'Just doing what we’re supposed to do': Fire department helps refugees

How one N.M. fire department handled its sudden involvement in the southern border immigration crisis


Mother’s Day 2019 started out like any other Sunday in Deming, New Mexico – a sunny, cool late-spring morning in the desert. Then someone noticed something unusual.

A group of people were milling around in the vicinity of the downtown McDonald’s. They didn’t look like locals. A good Samaritan directed the strangers to St. Ann’s Catholic Church. Calls were made and the city manager went to investigate.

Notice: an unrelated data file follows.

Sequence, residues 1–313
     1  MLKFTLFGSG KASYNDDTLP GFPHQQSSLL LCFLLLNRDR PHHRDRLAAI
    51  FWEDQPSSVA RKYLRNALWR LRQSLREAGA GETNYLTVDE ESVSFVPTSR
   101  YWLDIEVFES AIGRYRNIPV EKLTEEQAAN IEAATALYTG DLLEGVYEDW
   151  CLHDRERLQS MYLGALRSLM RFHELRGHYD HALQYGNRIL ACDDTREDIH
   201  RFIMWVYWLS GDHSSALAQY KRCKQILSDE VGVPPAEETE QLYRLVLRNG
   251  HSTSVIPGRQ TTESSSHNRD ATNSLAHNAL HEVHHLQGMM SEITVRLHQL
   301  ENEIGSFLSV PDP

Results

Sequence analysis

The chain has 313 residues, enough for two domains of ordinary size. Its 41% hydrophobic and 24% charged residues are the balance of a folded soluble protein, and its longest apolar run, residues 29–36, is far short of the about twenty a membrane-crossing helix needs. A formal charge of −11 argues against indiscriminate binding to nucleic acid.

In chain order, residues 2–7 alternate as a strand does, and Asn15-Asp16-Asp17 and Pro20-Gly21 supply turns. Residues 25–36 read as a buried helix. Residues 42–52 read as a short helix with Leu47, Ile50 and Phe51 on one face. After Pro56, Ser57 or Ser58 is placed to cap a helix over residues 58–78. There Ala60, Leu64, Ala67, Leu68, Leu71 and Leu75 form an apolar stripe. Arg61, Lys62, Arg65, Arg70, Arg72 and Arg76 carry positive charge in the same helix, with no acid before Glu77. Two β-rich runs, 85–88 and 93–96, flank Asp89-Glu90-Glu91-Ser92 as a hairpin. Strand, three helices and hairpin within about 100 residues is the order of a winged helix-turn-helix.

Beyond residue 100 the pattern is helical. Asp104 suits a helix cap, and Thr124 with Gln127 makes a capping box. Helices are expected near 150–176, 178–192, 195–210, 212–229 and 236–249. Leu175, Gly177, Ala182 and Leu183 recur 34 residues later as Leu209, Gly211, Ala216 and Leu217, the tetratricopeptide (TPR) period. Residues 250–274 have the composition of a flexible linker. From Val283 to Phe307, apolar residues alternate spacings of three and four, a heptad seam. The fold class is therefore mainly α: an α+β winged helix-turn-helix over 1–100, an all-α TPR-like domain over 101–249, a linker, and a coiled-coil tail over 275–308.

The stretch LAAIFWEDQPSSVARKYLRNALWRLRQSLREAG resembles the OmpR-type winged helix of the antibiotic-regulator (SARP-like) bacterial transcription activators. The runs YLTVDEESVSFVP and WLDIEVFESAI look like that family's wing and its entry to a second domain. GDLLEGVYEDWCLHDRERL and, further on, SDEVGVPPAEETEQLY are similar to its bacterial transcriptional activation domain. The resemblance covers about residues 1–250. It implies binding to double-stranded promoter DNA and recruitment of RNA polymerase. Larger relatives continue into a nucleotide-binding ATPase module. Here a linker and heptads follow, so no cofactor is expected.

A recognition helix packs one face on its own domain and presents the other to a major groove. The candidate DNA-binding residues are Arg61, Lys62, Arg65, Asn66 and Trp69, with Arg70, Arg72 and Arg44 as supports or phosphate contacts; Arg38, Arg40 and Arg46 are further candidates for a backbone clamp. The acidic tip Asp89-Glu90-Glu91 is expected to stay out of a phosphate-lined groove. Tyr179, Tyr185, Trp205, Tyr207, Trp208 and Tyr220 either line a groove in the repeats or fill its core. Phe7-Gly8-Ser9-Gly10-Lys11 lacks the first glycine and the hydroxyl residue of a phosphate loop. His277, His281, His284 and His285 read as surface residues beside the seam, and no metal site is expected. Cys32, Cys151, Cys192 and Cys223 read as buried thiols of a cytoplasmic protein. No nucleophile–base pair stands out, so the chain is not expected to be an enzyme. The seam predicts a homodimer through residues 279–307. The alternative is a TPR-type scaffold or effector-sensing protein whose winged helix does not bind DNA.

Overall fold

What he found was a rapidly growing group of people who had recently come across the southern border as refugees to the United States. Claiming asylum, they had been held in detention at the border until their status could be verified, and then, according to protocol, they were released to reside with family or sponsors in the United States until their immigration hearings were held.

But instead of facilitating the travel for these people directly from the detention facilities where they had been temporarily held, they were transported to the Deming McDonald’s, which also serves as the town bus station, and left there to fend for themselves.

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